Florio’s pick:  Broncos 38, Falcons 35.

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Cowboys had entrusted social media accounts to Lucky Whitehead

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After hearing Tuesday’s comments from Cowboys owner Jerry Jones and coach Jason Garrett about the decision to cut receiver Lucky Whitehead, I was ready to take the position that the Cowboys were, despite the criticism, doing Whitehead a favor by not sharing chapter-and-verse details about other problems and concerns that the team had about Whitehead.

It’s entirely possible, for example, that Whitehead is one of those guys who’s always in the middle of drama, and who always has an excuse. While each and every excuse may eventually pan out, for some people there’s always something.

By not explaining it that way, the Cowboys arguably did Whitehead a favor, since other teams currently are considering claiming him on waivers. If the Cowboys had shared all of the other things that gave them concern about Whitehead, maybe other teams would pass.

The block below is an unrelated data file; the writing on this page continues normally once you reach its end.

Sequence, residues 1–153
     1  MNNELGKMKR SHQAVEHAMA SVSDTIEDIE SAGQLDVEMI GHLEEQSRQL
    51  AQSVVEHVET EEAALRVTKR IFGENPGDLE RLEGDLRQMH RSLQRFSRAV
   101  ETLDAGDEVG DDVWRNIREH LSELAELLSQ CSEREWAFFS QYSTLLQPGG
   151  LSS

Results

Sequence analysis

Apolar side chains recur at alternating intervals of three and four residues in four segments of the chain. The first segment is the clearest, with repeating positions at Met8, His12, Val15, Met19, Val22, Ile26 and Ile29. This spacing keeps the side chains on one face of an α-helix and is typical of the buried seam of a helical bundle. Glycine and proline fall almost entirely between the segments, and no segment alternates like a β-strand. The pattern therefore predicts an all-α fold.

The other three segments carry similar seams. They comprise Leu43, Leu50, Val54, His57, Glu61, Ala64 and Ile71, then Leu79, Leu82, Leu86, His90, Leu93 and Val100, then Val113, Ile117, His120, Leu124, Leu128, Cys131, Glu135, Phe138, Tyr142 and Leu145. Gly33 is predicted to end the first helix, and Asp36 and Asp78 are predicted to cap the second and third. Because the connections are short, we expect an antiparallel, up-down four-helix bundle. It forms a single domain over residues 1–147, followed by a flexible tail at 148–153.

But here’s the thing. The Cowboys apparently didn’t view Whitehead as having poor judgment, because the Cowboys previously had entrusted Whitehead with a function that could have created major embarrassment for the team. As agent Dave Rich explained on Wednesday’s PFT Live, the Cowboys previously had given Whitehead total control of their Snapchat and Instagram accounts — on multiple weekends.

Think about that one. If Whitehead was a guy who consistently made stupid decisions, would he have been given the keys to two of the primary social media accounts owned and operated by America’s Team?

So here’s the apparent truth. Pushed against the ropes by criticism of their failure to hold players (hard gulp) accountable, the Cowboys decided to make an example of a guy who already was in danger of being cut between now and Labor Day Weekend. If it had been Dez Bryant, Terrance Williams, Cole Beasley, or Ryan Switzer, the Cowboys would have circled the wagons even if it wasn’t a case of mistaken identity.